Tokyo 2020 aims to make some noise, says Reiko
By Brian Oliver in Rio de Janeiro
A ‘brains trust’ of Olympic weightlifting competition managers met in Rio to talk about times past and future. There was Wang Yan from Beijing 2008, Matthew Curtain from London 2012, Pedro Meloni from Rio 2016 and the woman who will be in charge for Tokyo 2020, Reiko Chinen.
Reiko, a popular figure among the IWF technical officials, was hugely impressed by the atmosphere at the Riocentro arena and says it will be Tokyo’s aim to match it.
“The spectators in Rio have been great. They know when to make a noise and when to stay quiet. Their clapping and cheering created a very good atmosphere and we really need that in Tokyo.
“The Japanese people are a little bit shy and quiet compared to Brazilians, who can be very excited. We will have to do something for spectators to excite them, to make big noise for the athletes. Language and communication will be a big challenge for us.”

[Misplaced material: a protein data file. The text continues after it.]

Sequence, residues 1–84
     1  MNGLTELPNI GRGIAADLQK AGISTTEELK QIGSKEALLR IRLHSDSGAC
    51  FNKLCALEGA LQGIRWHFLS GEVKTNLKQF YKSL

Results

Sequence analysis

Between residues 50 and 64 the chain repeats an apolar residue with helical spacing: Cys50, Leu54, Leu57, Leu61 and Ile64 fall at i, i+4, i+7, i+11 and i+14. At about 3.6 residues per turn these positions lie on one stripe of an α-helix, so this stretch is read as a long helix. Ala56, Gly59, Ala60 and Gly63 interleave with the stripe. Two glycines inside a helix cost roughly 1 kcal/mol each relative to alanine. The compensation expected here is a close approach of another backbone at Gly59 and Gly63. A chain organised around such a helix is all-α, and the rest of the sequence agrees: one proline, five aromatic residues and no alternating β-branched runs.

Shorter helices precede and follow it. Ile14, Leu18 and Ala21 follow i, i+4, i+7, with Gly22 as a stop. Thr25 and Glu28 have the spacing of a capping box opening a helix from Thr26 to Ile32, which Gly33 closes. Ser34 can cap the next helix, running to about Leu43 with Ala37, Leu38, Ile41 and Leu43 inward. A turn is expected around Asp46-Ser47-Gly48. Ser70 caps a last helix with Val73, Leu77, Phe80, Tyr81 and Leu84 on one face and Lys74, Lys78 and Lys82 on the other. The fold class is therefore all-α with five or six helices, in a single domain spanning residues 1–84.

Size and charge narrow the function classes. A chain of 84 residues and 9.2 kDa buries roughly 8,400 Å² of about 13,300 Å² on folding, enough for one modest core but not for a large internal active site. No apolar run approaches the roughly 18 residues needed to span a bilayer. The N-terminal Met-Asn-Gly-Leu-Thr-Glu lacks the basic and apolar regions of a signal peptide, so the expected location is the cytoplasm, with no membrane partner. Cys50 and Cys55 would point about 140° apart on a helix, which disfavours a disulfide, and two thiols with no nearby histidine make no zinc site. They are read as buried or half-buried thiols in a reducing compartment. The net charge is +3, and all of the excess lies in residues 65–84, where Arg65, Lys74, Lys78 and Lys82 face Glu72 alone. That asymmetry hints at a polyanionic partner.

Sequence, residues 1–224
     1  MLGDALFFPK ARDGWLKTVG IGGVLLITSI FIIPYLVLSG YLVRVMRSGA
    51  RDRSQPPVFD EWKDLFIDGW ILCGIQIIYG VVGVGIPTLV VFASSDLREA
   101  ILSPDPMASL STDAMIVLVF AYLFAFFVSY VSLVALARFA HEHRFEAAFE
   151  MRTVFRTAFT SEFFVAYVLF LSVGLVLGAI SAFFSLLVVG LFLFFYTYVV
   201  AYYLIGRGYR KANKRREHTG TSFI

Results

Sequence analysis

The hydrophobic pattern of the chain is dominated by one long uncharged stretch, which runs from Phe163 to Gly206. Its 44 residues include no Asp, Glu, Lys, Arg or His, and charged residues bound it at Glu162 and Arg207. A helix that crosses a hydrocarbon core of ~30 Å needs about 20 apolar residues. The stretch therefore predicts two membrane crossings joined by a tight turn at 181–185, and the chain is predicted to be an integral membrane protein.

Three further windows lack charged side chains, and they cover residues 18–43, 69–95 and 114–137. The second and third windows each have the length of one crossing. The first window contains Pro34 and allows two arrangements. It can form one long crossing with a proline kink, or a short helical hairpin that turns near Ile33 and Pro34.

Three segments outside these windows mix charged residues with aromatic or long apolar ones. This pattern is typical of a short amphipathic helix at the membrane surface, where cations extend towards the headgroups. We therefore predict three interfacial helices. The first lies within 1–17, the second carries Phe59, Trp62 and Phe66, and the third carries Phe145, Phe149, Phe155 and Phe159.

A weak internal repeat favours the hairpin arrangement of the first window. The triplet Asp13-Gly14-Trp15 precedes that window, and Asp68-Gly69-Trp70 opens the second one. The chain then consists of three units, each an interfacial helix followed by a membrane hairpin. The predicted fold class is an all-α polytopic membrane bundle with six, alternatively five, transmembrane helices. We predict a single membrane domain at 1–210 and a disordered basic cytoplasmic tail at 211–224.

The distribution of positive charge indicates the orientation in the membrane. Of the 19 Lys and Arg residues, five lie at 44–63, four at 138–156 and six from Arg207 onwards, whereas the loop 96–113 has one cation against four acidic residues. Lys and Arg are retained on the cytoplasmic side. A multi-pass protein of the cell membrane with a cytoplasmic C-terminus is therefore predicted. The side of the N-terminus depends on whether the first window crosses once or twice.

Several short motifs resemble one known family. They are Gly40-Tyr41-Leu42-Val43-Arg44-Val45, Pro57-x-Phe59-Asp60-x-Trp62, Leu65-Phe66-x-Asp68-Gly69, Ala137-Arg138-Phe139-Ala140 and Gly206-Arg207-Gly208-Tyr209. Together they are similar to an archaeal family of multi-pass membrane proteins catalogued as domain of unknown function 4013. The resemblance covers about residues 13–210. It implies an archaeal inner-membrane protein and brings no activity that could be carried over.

One big difference between Rio and Tokyo will be the site of the venue. The Tokyo International Forum, a multi-purpose exhibition and cultural center, is right in the heart of Tokyo.
“There are plenty of bars, restaurants and shops right outside, and many subways and train stations nearby,” said Reiko.
Spectators will get extra value with their tickets, as they will be able to watch training. The venue has 11 floors, and one of them will be the training area. Spectators will be able to watch without disturbing the athletes, said Reiko.
Reiko has been involved in weightlifting since 1986, when she started as an athlete. She is a coach and a high-ranking technical official.
In 1993 Reiko gained her International Category 2 Technical Official licence, and five years later she was the first female TO to get a Category 1 in Japan.
In 2014 Reiko was technical director of the IWF World Championships in Almaty, Kazakhstan. She is a member of the Asian Executive Board and chairs the Asian Technical Committee.
Japan has about 4,000 registered weightlifters and is implementing a programme for younger starters. “Most of them are students who start at 15, but we want more starting at nine or 10,” said Reiko. “The sport is growing, especially among the youth.”